Issues for UK Audit Jobseekers in 2014
Are you currently looking for an auditing job in the United Kingdom? The year 2014 poses a number of challenges for both the audit jobseeker and the companies who are recruiting. By making yourself aware of the challenges that companies are facing you can prepare for tricky interview questions and refine your job search tactics. The goal is to make you more prepared and more competitive, thereby increasing your chances of being hired as soon as possible.
The Demand for Better Knowledge in IT
The United Kingdom is one of the nations that are hit the hardest with security breaches or online attacks. This phenomenon is now costing the country more than a billion pounds annually. Even small businesses, which need to protect their investments more efficiently than their large counterparts because of limited resources, are not spared. In fact, they are now facing cyber-security issues that are normally associated with large enterprises. To put it simply, the demand for more business-centric, reliable IT security and auditing is on the rise.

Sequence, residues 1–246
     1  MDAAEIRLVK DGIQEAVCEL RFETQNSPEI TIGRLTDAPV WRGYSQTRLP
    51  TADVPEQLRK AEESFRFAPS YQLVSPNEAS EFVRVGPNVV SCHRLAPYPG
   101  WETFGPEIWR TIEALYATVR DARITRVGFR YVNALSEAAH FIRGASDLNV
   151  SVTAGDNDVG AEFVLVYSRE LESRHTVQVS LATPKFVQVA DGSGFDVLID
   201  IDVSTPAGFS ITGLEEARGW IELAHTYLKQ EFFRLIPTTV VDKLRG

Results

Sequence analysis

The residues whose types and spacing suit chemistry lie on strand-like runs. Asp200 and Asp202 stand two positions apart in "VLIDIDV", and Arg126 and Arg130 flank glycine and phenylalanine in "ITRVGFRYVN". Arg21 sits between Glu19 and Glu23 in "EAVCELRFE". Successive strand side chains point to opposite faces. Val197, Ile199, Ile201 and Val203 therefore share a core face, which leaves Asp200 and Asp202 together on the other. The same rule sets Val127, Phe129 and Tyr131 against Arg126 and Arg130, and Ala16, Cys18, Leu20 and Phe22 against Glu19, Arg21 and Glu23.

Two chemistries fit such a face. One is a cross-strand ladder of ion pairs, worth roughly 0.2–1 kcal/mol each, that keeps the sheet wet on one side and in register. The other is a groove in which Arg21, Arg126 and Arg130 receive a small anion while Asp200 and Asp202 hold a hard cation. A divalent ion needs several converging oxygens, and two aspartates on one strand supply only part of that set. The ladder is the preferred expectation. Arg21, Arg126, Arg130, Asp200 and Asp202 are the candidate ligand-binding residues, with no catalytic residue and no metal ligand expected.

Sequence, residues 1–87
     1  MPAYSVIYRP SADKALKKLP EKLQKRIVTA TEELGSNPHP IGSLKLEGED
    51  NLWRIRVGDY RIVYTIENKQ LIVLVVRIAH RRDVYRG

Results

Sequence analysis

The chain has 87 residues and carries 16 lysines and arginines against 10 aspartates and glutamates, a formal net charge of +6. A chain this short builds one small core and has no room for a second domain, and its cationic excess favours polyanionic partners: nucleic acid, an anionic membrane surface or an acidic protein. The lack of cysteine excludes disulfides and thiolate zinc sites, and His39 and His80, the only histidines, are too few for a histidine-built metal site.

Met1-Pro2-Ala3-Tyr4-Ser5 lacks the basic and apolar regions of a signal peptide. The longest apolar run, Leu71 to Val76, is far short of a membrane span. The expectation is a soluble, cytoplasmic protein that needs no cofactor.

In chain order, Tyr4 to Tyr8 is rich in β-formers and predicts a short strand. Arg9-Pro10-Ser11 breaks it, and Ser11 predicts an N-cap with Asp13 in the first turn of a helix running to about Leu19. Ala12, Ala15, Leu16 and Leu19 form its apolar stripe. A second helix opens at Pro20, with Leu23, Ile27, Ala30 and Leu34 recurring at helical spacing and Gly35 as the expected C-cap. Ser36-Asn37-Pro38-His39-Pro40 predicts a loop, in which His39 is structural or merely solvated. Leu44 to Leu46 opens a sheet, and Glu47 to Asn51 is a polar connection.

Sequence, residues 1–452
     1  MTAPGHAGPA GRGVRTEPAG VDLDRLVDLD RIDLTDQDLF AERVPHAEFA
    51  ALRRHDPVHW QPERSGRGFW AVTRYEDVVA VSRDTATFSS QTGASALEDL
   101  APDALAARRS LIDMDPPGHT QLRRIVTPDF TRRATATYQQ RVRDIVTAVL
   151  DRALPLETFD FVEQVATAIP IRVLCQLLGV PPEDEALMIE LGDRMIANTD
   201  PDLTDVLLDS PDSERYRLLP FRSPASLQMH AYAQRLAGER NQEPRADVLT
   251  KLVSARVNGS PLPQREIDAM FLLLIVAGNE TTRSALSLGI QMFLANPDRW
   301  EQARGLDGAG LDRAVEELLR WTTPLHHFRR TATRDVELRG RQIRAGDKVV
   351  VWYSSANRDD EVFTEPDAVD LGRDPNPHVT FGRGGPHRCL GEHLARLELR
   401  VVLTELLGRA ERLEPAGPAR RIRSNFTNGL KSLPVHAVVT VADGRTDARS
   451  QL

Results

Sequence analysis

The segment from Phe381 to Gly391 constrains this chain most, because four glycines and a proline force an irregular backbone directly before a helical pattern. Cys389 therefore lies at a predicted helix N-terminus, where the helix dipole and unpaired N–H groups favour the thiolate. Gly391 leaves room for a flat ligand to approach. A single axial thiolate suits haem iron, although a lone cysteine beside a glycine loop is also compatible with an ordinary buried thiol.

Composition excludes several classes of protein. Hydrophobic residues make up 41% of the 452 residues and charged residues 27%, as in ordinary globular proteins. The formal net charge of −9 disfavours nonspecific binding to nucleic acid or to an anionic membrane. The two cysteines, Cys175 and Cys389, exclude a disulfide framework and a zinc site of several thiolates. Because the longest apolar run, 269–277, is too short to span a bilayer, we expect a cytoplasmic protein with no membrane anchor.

Auditing is no longer confined to financial statements and accounting books. It now covers areas such as information security and IT risk management as well. This is understandable as more companies are now opting for automation and online processes. It is then the job of the internal auditor to evaluate every cyber procedure and provide recommendations on how to improve online risk security.
The main issue, however, is that some present auditors lack the comprehensive technical knowledge and skill to do the job correctly. It also doesn’t help that the UK is gradually embracing BYOD (bring your own device), which further complicates IT security as it needs to factor in mobility and access of data in various locations at different times.
The Problem with Outsourcing